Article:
So you want to be a CIO? Stop trying to be a chess master and start enabling other people to grow, says John Marcante.
4 ways GE is boosting performance and reducing costs with IoT
To fully grasp the potential benefits of the Internet of Things, look no further than General Electric.
GE is making a big bet on industrial Internet of Things technology, also known as the IIoT. And Sanjeev Addala, chief digital officer for the company’s Renewable Energy business unit, makes an excellent case for why the bet will pay off.
Addala came to GE in January of this year from Caterpillar, where he served as the chief digital officer and helped introduce entirely new digital products and services, such as new maintenance programs, by using data collected from sensors and the analytics on the company’s machines.
Now he’s undertaking a similar effort at GE. “My focus here is creating a digital business in the energy sector that delivers industrial internet software and data analytics solutions for our customers. We are developing innovative digital solutions, and creating a digital industrial ecosystem to deliver better customer outcomes,” Addala says.
At a base level, GE can offer capabilities in four key areas for renewable energy customers. It starts with a platform that provides capabilities including connectivity, data acquisition, and cyber security, to provide clients with proper risk management.
Next is to use data coming from sensors attached to equipment in the field – whether wind turbines, solar systems or hydro plants – to monitor their health and provide diagnostics and prognostic insights.
Third, by applying industrial analytics to the streams of data coming from all those sensors, and feeding them into virtual representations of the physical asset, GE can identify when a particular piece of equipment is ripe for preventive maintenance, thus prolonging its usable life.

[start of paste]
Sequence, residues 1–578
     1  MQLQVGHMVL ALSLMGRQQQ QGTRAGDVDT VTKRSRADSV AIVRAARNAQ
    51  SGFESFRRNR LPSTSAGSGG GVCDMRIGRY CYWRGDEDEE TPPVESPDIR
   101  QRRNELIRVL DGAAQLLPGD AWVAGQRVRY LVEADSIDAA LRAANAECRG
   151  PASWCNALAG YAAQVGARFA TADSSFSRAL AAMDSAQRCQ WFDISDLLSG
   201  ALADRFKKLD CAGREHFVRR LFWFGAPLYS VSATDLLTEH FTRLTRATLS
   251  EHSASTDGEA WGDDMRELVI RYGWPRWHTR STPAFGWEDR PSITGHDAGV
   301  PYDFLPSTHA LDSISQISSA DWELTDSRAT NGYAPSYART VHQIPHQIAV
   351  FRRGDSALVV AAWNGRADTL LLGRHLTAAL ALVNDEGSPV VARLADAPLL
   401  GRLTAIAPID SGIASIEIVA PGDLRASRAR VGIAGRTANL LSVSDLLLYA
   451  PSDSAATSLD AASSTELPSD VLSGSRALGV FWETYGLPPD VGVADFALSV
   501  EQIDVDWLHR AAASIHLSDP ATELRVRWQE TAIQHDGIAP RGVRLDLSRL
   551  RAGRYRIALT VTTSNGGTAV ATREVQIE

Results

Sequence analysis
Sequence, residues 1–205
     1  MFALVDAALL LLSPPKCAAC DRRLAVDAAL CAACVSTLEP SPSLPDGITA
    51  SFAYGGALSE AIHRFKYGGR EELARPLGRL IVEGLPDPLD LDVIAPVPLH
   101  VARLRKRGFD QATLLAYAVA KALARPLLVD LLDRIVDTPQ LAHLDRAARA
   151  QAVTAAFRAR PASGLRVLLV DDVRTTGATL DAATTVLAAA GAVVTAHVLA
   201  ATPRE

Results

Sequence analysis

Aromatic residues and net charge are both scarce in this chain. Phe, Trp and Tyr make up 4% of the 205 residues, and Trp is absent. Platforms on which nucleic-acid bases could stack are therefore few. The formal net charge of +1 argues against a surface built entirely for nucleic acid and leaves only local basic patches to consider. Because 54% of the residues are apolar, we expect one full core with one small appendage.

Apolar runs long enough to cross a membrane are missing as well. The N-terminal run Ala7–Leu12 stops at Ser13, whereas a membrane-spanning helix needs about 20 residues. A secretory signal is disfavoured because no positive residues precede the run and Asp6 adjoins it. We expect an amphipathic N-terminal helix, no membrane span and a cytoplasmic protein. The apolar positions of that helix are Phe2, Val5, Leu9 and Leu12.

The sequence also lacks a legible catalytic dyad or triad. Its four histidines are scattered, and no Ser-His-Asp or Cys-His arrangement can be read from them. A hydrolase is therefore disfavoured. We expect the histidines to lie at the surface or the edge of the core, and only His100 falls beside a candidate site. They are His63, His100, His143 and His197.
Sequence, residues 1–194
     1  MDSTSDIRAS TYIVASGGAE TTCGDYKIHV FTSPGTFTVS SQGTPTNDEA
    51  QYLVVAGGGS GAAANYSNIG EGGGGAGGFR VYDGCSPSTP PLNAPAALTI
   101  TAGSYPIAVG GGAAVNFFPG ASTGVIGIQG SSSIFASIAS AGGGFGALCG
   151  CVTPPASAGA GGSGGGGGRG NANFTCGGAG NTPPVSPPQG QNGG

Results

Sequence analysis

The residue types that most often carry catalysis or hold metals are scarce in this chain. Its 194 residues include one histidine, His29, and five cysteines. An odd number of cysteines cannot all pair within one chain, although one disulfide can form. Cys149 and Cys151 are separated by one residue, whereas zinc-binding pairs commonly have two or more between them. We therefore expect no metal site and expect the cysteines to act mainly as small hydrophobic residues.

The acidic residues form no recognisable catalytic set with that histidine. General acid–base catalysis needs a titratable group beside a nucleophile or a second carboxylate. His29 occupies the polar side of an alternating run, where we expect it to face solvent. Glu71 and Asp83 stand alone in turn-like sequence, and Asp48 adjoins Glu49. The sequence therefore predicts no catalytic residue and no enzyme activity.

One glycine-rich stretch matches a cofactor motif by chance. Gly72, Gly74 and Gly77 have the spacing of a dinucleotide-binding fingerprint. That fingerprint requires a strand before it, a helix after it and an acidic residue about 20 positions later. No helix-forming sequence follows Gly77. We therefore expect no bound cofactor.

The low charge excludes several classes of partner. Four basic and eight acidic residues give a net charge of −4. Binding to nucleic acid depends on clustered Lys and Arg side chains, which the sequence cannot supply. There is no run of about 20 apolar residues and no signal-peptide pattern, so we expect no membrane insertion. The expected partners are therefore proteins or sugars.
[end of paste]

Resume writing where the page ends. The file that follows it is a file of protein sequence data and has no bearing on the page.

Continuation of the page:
The fourth capability is maintenance optimization, Addala says. This goes a step further than preventive maintenance to ensure maintenance is performed only when it’s necessary. While a rule of thumb may be to replace a part after, say, five years, applying analytics and machine learning can provide a more data-driven schedule – maybe in some cases, the part can last six or seven years while in others it’s only four.
“We’re able to reduce maintenance costs up to 10 percent and reduce more than 20 percent of unplanned maintenance,” he says.
But that’s just the start. Using machine learning algorithms, GE can help customers optimize power production and their operations. “Depending on the wind conditions and direction, you may need to change the pitch of the blades, the rotation of the turbine or other parameters to maximize production,” Addala says. “We’re able to deliver annual energy production increases up to 10 percent.”
GE also uses software and analytics to help customers optimize the business operations end of the renewable energy equation. Energy producers ultimately sell energy to others, and prices constantly fluctuate based on supply and demand.
“They need to forecast to bid correctly,” he says. “We developed smart analytics so that, based on weather conditions, we can forecast how much production there will be from their wind turbines and solar farms. We give customers all that actionable intelligence so they can plan the right strategy, thus increasing their revenues by two to three percent.”
Renewable energy is just one area where GE is putting its software analytics capabilities to use. Using its Industrial Internet operating system Predix, GE offers similar services in many of its business units while also encouraging customers and partners to build their applications on top of it.
“This is game-changing, how software analytics can optimize both operations and business outcomes,” Addala says.